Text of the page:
You want to get on with something important, but people nearby are yammering on about football, someone next door is nailing everything in sight to the wall, and every animal in the vicinity has decided it’s time for an afternoon-long sing-song. Argh.
But you can drown out the chaos and focus on your work by donning headphones and firing up our recommended websites and apps. Happy listening (and working)!
First steps: find focus online
We scoured the web for a range of sites that pump all kinds of interesting noises into your head.
None of them needs Flash (spit), and all worked fine for us even on fairly creaky old hardware.
Best for adding colour and sound to your life: Noisli
Sign up (it’s free) to save favourite combos, set up timers, and use the site’s own text editor for writing. The only niggle is Noisli’s design requires quite a bit of scrolling, but there are Android and iOS apps if that irks. Alternatively, those with smaller screens can try the similar (but more limited) A Soft Murmur.
Best for nature lovers: Zenmix.io
The idea behind zenmix.io is to immerse your ears in the sounds of nature – or at least ‘soundscapes’ inspired by nature. You get six in total, the first of which is all bells and ambient tones, like a track from a meditation CD escaped to the internet. Elsewhere, you get crashing waves, birdsong, and a forest at night, complete with crickets and frogs.
These rich sounds are low on bass – handy for drowning out local chatter. The interface is also pleasingly straightforward, with massive play/pause buttons on each of the options.
Best for imagining you're in a movie: Tabletop Audio
This one’s primarily designed for tabletop role-playing games. Throw some weirdly shaped dice and end up precariously perched on a volcano, and you can click ‘Volcano’ to hear the sounds of your imminent lava-based bubbly demise.
But there’s plenty of interesting atmospheric fare lurking on this site for general work focus, and the more suitable tracks can be added to a playlist. Probably best don’t add Terror or Disembodied Spirits, though, unless you want relaxing work time replaced by a major case of the heebie-jeebies.
Best for screening out specific frequencies: myNoise
This big selection of streams, loops, beats and synthetic noises isn’t combined with the prettiest of designs, but there are great ideas here. Notably, you get a huge variety of sounds, from the usual rainfall, wind and birds through to tonal drones, industrial hums, and beat generators.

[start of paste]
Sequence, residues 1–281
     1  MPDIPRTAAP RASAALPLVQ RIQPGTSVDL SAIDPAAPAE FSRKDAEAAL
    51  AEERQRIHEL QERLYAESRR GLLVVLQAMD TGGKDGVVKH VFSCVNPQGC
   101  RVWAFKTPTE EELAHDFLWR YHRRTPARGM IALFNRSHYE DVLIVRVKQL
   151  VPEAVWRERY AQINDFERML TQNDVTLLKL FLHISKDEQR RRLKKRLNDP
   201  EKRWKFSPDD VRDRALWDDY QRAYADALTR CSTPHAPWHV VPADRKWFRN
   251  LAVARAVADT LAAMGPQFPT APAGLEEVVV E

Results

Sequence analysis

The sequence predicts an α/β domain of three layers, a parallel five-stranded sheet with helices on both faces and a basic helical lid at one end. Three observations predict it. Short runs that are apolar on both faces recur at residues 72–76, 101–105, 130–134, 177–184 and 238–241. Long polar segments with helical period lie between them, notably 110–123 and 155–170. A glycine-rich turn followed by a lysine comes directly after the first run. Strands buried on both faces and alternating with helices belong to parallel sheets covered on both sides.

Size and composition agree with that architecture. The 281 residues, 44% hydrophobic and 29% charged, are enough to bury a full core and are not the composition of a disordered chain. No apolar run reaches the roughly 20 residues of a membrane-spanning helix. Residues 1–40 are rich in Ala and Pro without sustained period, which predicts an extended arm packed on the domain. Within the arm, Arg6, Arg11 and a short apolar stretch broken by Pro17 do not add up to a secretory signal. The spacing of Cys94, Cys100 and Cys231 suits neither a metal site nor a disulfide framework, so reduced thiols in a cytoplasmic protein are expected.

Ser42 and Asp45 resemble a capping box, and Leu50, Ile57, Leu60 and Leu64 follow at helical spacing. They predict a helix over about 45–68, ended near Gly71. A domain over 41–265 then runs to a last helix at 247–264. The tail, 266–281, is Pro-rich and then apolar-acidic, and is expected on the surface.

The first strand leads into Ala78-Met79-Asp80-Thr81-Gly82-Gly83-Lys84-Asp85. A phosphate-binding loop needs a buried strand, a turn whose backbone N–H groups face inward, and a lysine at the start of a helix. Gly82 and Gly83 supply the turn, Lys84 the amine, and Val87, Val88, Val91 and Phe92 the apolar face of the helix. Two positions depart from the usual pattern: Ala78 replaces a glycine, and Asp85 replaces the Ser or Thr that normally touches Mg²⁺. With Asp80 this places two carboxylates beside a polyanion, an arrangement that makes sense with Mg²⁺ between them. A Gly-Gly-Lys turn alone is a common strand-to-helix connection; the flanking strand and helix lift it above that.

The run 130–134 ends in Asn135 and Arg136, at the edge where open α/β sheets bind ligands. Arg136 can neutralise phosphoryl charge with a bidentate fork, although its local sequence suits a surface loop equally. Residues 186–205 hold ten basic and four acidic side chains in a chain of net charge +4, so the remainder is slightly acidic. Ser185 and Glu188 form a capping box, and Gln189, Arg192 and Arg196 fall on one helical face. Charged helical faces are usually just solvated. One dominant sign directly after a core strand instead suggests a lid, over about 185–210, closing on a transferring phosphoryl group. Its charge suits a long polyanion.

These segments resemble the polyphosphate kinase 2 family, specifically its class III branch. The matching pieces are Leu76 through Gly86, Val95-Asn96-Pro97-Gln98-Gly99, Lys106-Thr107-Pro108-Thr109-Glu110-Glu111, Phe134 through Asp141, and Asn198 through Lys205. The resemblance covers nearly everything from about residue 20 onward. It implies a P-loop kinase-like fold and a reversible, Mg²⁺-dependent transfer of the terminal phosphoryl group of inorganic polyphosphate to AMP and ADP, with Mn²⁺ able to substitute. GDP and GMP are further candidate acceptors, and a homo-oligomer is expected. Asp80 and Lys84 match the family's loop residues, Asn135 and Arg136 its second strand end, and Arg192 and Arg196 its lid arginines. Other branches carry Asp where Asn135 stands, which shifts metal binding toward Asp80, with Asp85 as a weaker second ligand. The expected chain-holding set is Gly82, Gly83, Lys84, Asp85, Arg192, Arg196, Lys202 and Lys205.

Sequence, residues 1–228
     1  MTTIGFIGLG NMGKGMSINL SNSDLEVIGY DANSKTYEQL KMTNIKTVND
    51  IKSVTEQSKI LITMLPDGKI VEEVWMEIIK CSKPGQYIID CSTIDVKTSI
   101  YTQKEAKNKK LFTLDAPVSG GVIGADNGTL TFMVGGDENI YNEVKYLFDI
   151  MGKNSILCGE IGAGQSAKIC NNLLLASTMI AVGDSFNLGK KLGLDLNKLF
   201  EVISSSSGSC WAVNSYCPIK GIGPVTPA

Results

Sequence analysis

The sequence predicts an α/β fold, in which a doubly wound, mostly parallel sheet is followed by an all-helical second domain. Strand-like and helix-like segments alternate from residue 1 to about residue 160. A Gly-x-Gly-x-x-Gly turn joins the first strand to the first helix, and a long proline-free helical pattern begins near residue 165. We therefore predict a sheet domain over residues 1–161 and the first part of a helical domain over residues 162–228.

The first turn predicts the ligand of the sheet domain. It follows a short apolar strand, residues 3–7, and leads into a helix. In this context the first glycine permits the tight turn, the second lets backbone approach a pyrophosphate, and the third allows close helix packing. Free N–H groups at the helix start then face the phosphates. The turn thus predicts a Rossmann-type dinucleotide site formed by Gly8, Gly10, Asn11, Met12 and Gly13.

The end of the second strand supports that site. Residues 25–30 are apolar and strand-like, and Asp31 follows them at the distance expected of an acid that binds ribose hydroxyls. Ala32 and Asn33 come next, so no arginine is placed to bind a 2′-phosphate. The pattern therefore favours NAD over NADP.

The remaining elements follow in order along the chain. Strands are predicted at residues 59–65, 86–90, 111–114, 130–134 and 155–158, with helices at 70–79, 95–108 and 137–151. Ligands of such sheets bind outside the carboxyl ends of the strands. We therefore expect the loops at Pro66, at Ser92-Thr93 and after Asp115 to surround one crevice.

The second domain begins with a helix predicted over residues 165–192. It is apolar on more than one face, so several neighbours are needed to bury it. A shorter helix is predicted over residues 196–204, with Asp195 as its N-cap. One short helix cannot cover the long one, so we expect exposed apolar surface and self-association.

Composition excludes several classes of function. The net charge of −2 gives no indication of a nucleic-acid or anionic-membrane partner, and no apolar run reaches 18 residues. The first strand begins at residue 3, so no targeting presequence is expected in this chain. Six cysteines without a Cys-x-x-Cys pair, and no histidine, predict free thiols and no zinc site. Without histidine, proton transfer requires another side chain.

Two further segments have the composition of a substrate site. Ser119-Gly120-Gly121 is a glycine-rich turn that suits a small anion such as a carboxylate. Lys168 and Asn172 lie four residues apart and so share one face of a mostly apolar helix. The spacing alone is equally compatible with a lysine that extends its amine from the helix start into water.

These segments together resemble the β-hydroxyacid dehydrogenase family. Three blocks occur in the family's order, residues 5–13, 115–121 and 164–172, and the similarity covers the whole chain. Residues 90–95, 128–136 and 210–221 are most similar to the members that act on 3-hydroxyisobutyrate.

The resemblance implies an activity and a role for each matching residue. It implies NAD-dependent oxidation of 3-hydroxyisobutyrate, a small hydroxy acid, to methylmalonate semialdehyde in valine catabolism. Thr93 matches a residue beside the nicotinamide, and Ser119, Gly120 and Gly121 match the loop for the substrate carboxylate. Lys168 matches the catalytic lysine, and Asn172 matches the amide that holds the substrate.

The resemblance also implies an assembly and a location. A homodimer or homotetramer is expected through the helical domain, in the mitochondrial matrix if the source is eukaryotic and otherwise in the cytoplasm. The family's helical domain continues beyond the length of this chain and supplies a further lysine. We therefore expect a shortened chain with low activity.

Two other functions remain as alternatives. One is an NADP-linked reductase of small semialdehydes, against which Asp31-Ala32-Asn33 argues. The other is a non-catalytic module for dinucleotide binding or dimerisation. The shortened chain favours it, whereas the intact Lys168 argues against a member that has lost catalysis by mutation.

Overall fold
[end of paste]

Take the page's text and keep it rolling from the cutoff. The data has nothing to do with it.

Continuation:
Rather than each sound playing in situ, any clicked link sends you to a page of explanatory text that includes presets and a graphic equaliser. This makes myNoise potentially useful for screening out specific frequencies, or creating something tuned to your own hearing.
Best for pretending you have friends: Coffitivity
For some people, hubbub isn’t something to block out, but instead a sound to embrace. General chitter chatter can for such souls be a boon to concentration and productivity. Which is a problem if you’re, say, a lone freelancer working in a shed.
Rather than hauling yourself over to the local coffee house and then finding it’s disappointingly empty bar one person hammering on a laptop like the keys individually need punching, Coffitivity brings the coffee house to you. Well, not the coffee – just the sounds bit, from Morning Murmur’s gentle hum to the French voices of Paris Paradise.
Best for listening to some actual music: Saavn
Nature and wind sounds are all very well, but some people need music to attain razor-sharp focus on their work. But what music? Nothing too distracting, for sure, and you don’t want too much singing nor constant starts and stops. *Bohemian Rhapsody* is right out, then.
If its collection of Indian music doesn't win you over, it's library of international hits will. Or prehaps you'd prefer their long-form audio programmes?
Feel free to thank us when your productivity shoots through the roof (although not if our choices result in your laptop being hurled through the window).
Make some noise: the best DIY music apps
There are quite a few generative audio experiences knocking around the web, too, but most of them are rubbish.
To make your own chill-out music for focussing – or just happily collapsing in a heap for 20 minutes when everything gets a bit too much – check out this trio of fab apps.
Best for creating weird compositions: NobeBeat
One of the most visual music-creation apps around, NodeBeat has you create a kind of mesh from nodes and attached notes. Depending on your settings, notes may meander and switch node allegiance, leading to evolving music. Set-ups can be saved for later playback, and built-in examples handily showcase the app’s scope.
Best for pretending you're Brian Eno: Scape
Having tested the water with noodly plinky plonky generative audio app Bloom, Brian Eno and Peter Chilvers went all in with Scape. Here, you get an entire ambient album to play, but can also use the same building blocks to fashion and save your own compositions in a pleasingly tactile manner.
Download Scape for iPad (₹750)
Best for creating new music loops in seconds: Melodist
If you’re feeling spectacularly lazy but still fancy some noodly background melodies to keep you in the zone, try Melodist. Load a photo from your device, and the app gets on interpreting it as a looping soundtrack. Tones and playback speed can be adjusted; and if you particularly like a track, you can export it to Dropbox.
Download Melodist for iOS (₹free + IAP)